To give a bit of context, Shumi Come Home is an exploration-adventure game with a more casual approach to the gameplay. You play as a tiny mushroom, Shumi, who was taken from its home and is trying to find its way back. Set in three different environments of an overgrown forest, long after humans have left this world, you’ll be free to explore at your own pace and take on different adventures to get closer and closer to home. Since the game has no combat or game-overs, you’ll often find yourself doing some light platforming with your climbing hooks, solving puzzles scattered across the forest, or gliding on your leaf glider through the open breeze!
One of the very first aspects I worked on when starting the game’s development was the art direction. I’m always drawn to the art first in games, so naturally, this was my first step in development. I wanted to embrace that tiny-world aesthetic, so I pulled a lot of inspiration from my favorite game series, Pikmin. But I didn’t want to go for a realistic look like they did, so I decided to try a simpler, stylistic look.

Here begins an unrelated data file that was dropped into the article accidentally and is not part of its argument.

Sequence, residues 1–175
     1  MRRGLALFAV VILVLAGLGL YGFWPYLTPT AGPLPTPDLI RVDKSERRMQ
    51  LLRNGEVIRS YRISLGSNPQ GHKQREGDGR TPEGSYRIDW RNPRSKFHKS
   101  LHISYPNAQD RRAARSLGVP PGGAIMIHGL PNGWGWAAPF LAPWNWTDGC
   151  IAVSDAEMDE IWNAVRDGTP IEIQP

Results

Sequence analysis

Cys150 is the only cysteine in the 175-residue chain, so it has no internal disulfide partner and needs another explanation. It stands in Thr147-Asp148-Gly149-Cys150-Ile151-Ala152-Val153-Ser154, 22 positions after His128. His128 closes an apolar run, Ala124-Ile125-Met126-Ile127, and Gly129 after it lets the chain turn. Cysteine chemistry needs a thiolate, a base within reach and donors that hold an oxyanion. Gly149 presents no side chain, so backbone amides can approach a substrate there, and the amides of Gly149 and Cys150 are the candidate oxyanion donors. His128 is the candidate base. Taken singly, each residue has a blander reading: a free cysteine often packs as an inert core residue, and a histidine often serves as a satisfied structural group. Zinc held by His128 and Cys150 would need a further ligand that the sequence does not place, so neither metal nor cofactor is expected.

The 3D-pixelated aesthetic is something I’ve always been drawn to for some reason. When I decided to go in that direction for the art, I knew I wanted to keep things low-poly and simple so there is visual clarity with the pixelation turned on while still having some nice details for those who want the pixelation off (since it’s completely optional). This direction heavily influenced the methodologies behind the art creation because everything had to be pixel-perfect now while preventing the scenery from being too noisy.